With approximately double the alcohol content of your classic spirit and mixer combo, the Long Island Iced Tea is a budget-friendly way to get yourself drunk off a single beverage.
It tastes pretty good too – which always helps.
But look a bit beyond the distinctive flavour and lethal percentage, there’s a lot more about the Long Island Iced Tea that remains hidden under wraps.
We’re here to unearth the story behind this 70’s classic.
Considering the drink’s global stardom, it’s unsurprising that so many people have stepped up to claim the recipe as their own.
There are more than a few stories in circulation about the rightful creator of the Long Island Iced Tea – though two are more widely accepted than most.
The first claims that the tipple was invented during the prohibition era in the US by a bartender known as ‘Old Man Bishop’. His son Ransom supposedly perfected the recipe, which differed from the one we know and love today thanks to its varying portions of five spirits coupled with sweet maple syrup.
The other broadly accepted tale begins in Long Island, New York, in 1972, with a bartender named Robert ‘Rosebud’ Butt. He claims that the cocktail was invented as an entry to a cocktail-making contest which asked that entrants include triple sec as an ingredient (though it’s actually one of the tipple’s least recognisable elements).
Butt made a website to back up his claim, if that helps you reach a decision about which of these folk tales you believe.
Although, with an alcohol content that strong, perhaps it’s fitting that people can’t seem to remember the exact details of where the drink hails from.
Wherever it came from, the drink’s fame is undisputed.
Throughout the 1970’s it became a staple on bar menus across the US, finally making it transatlantic in the 80’s, when it gained its global stardom.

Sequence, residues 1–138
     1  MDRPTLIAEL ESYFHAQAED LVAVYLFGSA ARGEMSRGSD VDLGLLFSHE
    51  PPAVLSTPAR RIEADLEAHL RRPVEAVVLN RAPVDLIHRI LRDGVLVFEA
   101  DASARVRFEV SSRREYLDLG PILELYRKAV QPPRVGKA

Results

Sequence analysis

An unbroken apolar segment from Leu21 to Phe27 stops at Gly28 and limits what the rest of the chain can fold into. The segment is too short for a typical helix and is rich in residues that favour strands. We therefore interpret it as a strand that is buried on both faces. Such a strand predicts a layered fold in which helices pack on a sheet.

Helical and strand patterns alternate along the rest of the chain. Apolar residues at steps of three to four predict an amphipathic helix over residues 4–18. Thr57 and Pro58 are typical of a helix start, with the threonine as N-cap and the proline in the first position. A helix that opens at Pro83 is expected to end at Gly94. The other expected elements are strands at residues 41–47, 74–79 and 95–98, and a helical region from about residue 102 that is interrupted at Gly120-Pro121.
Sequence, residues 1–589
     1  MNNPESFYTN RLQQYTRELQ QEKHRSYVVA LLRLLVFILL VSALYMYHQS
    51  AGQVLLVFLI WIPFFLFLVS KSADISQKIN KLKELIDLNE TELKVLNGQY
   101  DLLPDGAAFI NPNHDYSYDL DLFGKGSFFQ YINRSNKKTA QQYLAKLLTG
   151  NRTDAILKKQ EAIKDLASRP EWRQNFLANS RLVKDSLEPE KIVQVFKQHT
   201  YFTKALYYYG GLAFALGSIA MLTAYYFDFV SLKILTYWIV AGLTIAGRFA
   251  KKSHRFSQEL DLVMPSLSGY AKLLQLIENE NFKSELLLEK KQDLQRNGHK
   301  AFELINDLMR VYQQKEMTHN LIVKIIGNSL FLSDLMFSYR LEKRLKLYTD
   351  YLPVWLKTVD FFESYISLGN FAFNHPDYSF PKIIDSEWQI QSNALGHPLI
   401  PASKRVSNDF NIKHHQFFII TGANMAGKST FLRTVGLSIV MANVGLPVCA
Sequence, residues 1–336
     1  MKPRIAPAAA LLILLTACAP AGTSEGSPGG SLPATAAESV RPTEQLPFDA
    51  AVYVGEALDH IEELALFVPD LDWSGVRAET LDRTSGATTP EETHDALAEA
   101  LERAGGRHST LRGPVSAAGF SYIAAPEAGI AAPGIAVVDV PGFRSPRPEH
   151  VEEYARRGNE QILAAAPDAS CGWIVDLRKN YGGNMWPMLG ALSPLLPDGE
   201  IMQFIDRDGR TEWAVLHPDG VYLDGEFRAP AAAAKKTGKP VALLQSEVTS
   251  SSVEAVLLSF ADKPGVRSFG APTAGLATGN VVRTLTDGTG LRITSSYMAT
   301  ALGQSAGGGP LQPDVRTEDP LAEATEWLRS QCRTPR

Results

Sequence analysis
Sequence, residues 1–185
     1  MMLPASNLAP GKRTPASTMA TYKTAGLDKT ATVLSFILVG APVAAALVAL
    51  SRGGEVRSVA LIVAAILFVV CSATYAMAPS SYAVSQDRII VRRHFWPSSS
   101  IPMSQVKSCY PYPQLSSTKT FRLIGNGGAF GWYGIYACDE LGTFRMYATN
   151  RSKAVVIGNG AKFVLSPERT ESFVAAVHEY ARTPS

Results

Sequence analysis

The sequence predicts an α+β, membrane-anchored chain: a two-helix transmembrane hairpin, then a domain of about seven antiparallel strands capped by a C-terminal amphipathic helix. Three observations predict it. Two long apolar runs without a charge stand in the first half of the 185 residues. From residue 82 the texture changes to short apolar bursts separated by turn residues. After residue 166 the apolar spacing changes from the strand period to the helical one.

Given its solidified spot in worldwide drinking culture, the Long Island Iced Tea has had a whole host of on-screen appearances, arriving whenever the script writers think it’s time for a character to get drunk and disorderly.
The intoxicating effects of the tipple have been famously felt by Marge Simpson (from The Simpsons), Cecile Caldwell (from Cruel Intentions), Markie Post (from Night Court), and Donna (from That 70’s Show) – to name a few.
What makes the Long Island Iced Tea such a one-of-a-kind cocktail is a simple (but dangerous) fact: you can’t taste what’s in it.
Made correctly, the drink contains four equal servings of spirits, raising its alcohol percentage to a hefty 22%, which is nearly double that of most wines.
If you fancy trying it for yourself, here’s the Rosebud-recommended recipe:
Although Rosebud doesn’t mention it, mint leaves are also commonly served with the cocktail to give it a refreshing aftertaste.
The Long Island Iced Tea comes in a highball glass – a long, standard tumbler that contains between 240-350ml.
Named after its resemblance to regular iced tea, the Long Island version is served just like it – with refreshing chopped fruit and lashings of ice (cubed, not crushed).
Sliced citrus fruits are your best bet as far as garnishes go, offering a sour kick to an otherwise sickly-sweet beverage.
Known for its lethal alcohol content, the Long Island has served as an inspiration for bartenders everywhere trying to balance out booze factor with deliciously deceiving flavour combinations.
‘The Grateful Dead’ uses the same recipe as the Long Island but substitutes triple sec for Chambord and Coca Cola for Sprite, making for a sweeter tipple.
If you’d rather a more refreshing version of the drink, try a ‘Long Island Beach Tea’, which subs out the Coca Cola for cranberry juice for a fruitier twist.
The classic version doesn’t require a great deal of prep time, though it does have a longer shopping list than its less boozy counterparts.
Buying four different spirits (five if you count the triple sec) plus mixer doesn’t sound cheap, but a handy tip for making the perfect Long Island is to buy inexpensive alcohols with muted tastes – the more flavourless the better.
Your fancy gin isn’t going to shine through when there are other strong flavoured spirits in the mix. In fact, it might actually make the drink taste worse because it’s meant to about masking the booze, not showcasing it.
Save the Cotswolds Distillery stuff for a G&T and opt for a bottom shelf counterpart. Then, simply chuck the ingredients in a glass, stir and garnish with lemon, and watch as everyone around you suddenly seems interesting.